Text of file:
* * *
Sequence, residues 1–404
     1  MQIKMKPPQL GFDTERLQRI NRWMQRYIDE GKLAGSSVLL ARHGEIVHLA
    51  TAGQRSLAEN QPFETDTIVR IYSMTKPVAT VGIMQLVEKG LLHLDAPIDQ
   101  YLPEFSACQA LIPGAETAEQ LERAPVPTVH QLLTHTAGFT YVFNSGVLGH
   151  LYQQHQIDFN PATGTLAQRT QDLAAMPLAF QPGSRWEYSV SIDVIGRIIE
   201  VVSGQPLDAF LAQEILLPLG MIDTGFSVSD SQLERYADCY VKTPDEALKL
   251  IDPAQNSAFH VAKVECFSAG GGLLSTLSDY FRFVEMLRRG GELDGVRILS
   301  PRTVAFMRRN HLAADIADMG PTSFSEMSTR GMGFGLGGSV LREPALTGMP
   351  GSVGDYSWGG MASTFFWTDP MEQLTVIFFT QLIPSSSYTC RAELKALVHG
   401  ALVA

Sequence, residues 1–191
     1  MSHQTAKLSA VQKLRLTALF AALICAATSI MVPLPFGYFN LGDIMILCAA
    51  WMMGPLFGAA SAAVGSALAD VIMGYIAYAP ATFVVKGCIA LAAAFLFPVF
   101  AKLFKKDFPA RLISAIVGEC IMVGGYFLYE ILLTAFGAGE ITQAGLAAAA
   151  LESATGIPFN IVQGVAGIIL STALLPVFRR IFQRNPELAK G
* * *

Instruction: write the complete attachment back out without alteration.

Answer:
Sequence, residues 1–404
     1  MQIKMKPPQL GFDTERLQRI NRWMQRYIDE GKLAGSSVLL ARHGEIVHLA
    51  TAGQRSLAEN QPFETDTIVR IYSMTKPVAT VGIMQLVEKG LLHLDAPIDQ
   101  YLPEFSACQA LIPGAETAEQ LERAPVPTVH QLLTHTAGFT YVFNSGVLGH
   151  LYQQHQIDFN PATGTLAQRT QDLAAMPLAF QPGSRWEYSV SIDVIGRIIE
   201  VVSGQPLDAF LAQEILLPLG MIDTGFSVSD SQLERYADCY VKTPDEALKL
   251  IDPAQNSAFH VAKVECFSAG GGLLSTLSDY FRFVEMLRRG GELDGVRILS
   301  PRTVAFMRRN HLAADIADMG PTSFSEMSTR GMGFGLGGSV LREPALTGMP
   351  GSVGDYSWGG MASTFFWTDP MEQLTVIFFT QLIPSSSYTC RAELKALVHG
   401  ALVA

Sequence, residues 1–191
     1  MSHQTAKLSA VQKLRLTALF AALICAATSI MVPLPFGYFN LGDIMILCAA
    51  WMMGPLFGAA SAAVGSALAD VIMGYIAYAP ATFVVKGCIA LAAAFLFPVF
   101  AKLFKKDFPA RLISAIVGEC IMVGGYFLYE ILLTAFGAGE ITQAGLAAAA
   151  LESATGIPFN IVQGVAGIIL STALLPVFRR IFQRNPELAK G